Jewish World Review Jan. 21, 2013/ 10 Shevat, 5773
In his own words
By Paul Greenberg
Every year he grows more ceremonial, distant, symbolic, less alive. It is the fate of heroes. Their pictures are relegated to banners, their words become clichés, their very names become streets and boulevards instead of a living presence. Icons.
Maybe, but have we listened before? How long has it been since we've really heard his words and felt their force? And their continuing, insistent relevance. Instead our heroes become fit subjects for dry-as-dust doctoral dissertations and the endless re-evaluations called historical revisionism.
It's now been explained that the civil-rights movement used religious ideas for political ends -- which is a popular thesis among the political scientists who have studied its success. It never seems to dawn on these experts that maybe it wasn't the protesters who used religious ideas but the ideas that used them.
Some ideas are so powerful that they cannot be resisted. They're less ideas than imperatives. Because they are not imposed from without but, once planted, grow from within. Once heard, really heard, they become inseparable from our own thoughts, conscience, fulfillment. It's not as if we had a choice in the matter. We just can't deny some ideas -- and ideals. They compel, the way love and justice and truth compel.
No wonder the prophet denies that it is he who is speaking or wants to speak. On the contrary, he is compelled to speak. He has no choice. And the rest of us find ourselves compelled to listen sooner or later -- unless we can manage to stay caught up in the everyday, in boredom and indifference, in political sophistication.
Prophets are associated with protest, with fiery words and wonders. We forget that the prophet is also a comforter, and that if he tears apart our easy preconceptions, it is to reconcile us with the truth he has to utter, and with our better, different, changed selves.
From his first appearance on the national stage and in the national consciousness -- the Montgomery bus boycott of the 1950s -- this black Baptist preacher out of the South kept his eye on the prize: not victory over others, but reconciliation with others.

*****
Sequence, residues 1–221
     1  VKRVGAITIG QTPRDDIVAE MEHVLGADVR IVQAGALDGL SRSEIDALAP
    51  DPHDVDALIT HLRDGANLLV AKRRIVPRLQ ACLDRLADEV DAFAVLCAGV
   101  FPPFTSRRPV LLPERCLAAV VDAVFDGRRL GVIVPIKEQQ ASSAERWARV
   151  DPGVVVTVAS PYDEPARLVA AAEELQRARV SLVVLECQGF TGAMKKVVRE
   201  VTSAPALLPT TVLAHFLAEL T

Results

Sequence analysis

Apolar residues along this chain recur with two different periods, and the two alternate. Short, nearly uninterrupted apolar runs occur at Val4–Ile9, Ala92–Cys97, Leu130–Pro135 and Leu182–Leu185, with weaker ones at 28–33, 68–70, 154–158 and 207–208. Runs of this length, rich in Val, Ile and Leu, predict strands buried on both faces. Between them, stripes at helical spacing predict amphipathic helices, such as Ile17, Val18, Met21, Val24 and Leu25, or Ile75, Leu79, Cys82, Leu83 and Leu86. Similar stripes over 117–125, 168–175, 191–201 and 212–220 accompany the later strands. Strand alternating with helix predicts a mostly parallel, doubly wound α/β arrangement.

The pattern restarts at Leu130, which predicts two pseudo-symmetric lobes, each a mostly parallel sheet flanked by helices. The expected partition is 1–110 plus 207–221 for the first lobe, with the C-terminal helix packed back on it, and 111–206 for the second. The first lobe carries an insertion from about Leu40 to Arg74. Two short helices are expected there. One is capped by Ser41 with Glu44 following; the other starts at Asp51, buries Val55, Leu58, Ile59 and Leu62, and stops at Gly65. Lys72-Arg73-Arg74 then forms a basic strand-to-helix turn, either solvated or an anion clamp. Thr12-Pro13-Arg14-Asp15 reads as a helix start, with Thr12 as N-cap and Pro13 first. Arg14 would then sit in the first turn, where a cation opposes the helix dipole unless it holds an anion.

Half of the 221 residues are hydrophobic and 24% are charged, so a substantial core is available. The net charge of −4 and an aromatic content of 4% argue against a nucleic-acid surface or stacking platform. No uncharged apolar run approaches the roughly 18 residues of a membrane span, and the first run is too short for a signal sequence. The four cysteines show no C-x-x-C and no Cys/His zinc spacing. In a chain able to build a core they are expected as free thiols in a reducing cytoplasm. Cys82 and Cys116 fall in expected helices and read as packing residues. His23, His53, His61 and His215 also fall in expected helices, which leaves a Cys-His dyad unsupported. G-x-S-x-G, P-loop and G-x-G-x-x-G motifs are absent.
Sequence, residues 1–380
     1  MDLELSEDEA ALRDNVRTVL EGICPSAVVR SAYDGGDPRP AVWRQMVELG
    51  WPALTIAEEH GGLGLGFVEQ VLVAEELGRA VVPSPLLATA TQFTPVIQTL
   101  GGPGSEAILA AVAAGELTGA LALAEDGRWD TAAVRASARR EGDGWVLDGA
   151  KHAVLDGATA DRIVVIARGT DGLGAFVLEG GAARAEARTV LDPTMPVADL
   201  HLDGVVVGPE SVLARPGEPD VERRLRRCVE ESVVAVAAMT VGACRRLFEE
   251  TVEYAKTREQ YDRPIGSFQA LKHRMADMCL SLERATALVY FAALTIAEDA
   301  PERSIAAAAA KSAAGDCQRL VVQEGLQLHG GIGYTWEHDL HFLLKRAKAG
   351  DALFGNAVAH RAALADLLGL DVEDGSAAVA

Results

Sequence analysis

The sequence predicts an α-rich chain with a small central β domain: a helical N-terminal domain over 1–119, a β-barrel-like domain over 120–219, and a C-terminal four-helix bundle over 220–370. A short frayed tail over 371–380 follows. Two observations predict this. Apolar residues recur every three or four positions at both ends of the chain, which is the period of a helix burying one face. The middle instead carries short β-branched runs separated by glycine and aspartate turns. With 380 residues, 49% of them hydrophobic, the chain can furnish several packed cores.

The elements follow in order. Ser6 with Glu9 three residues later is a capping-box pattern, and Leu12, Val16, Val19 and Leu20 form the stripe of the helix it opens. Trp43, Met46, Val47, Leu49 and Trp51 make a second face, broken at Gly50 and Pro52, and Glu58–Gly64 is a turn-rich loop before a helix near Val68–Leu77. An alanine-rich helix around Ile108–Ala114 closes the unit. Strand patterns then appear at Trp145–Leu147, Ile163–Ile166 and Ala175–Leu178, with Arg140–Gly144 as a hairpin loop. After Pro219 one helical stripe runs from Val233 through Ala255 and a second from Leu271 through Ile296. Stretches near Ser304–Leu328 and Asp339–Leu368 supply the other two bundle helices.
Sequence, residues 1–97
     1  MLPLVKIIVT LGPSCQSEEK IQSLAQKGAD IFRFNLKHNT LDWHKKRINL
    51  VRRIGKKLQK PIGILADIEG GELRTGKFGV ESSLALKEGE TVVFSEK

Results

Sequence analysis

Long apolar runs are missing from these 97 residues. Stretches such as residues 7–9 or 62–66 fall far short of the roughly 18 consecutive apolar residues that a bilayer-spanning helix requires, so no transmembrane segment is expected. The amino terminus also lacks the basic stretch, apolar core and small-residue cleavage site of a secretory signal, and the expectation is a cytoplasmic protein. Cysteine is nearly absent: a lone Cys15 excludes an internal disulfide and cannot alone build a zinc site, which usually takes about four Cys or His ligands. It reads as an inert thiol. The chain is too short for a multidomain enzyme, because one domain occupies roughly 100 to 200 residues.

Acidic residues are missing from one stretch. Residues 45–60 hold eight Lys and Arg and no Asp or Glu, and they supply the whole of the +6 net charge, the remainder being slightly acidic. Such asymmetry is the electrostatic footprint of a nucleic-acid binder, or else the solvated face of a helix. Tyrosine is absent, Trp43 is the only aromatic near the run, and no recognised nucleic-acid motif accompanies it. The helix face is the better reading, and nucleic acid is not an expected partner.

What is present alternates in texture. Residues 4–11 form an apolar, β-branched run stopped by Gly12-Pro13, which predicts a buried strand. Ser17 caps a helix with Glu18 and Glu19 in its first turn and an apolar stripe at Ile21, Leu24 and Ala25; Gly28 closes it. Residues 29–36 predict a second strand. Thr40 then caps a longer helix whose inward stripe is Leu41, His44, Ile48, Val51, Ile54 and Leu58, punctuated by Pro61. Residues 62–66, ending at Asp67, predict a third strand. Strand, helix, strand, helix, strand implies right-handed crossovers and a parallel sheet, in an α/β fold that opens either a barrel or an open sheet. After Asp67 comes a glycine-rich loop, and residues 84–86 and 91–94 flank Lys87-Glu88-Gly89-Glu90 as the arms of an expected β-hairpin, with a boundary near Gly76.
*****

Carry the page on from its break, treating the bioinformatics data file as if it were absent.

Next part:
The young minister's message back then had a lot more to do with Exodus than Marx, with joining together rather than rending apart.
Listen to what he said in the midst of his first confrontation with the already crumbling power of
"A boycott is just a means to an end. A boycott is merely a means to say, 'I don't like it.' It is merely a means to awaken a sense of shame within the oppressor but the end is reconciliation. The end is the creation of a beloved community . . . the creation of a society where men will live together as brothers . . . not retaliation but redemption. That is the end we are trying to reach."
His cause wasn't just a boycott. It wasn't just a political or economic or social struggle. The powers and principalities involved were of a different order, and so would be the victory.
In July of 1956,
The biblical cadences of his speech were unmistakable, and his belief in the
The legal victory in Montgomery came on the 13th of November, 1956, when the
But this preacher did not exult in himself or his people or even in his principles. In the familiar call and response of the black church, voices every Southerner used to grow up with as he passed a black church on a Sunday morning or Wednesday go-to-meetin' night, this son of the South exulted not in any temporal political victory but in the hope that we, all of us, would be reconciled -- with each other and with the Father of us all.
Only he put it plainer, simpler, better. He compared the white segs whom he had fought so hard, who had locked him up, who had 'bused and scorned him, with the prodigal son who had only wandered off for a while on the wrong path:
"I must still believe there is something within them that can cause them one day to come to themselves (That's right! Yes!) and rise up, walk back up the dusty road to the father's house. (Yes!) And we stand there with outstretched arms. That's the meaning of the Christian faith."
Powerful stuff. And this preacher went beyond Bible stories and Sunday School illustrations. He named names: "I believe that the Ku Klux Klan can be transformed into a clan for God's kingdom. (Yes!) I believe that the
It's a toss-up who was more scandalized by that kind of talk -- the kluxers and their nice respectable white-collar counterparts in the Citizens Councils, or the young SNCC organizers in the back pews who'd come down from their Northern campuses to give Marx a push. And instead found themselves confronted by all this Godtalk, by a language and worldview counter to all their assumptions -- and it was coming not from those they proposed to struggle against, but those on whose side they wanted to struggle. What a story their faces told as all of that dawned on them. They had come to convert others, but the best of them found themselves converted.
Then there were the others -- the young and impatient, the proud and angry, the ideological and sophisticated. They tended to snicker at this nice preacher innocent of their dialectic, and called him De Lawd behind his back. What could he know of the world who preached nothing but love?
Every weekday JewishWorldReview.com publishes what many in the media and Washington consider "must-reading". Sign up for the daily JWR update. It's free. Just click here.
JWR contributor Paul Greenberg, editorial page editor of the Arkansas Democrat-Gazette, has won the Pulitzer Prize for editorial writing. Send your comments by clicking here.
if (strpos(, "printer_friendly") === 0)
=<< © 2010 Tribune Media Services, Inc.
© 2010 Tribune Media Services, Inc.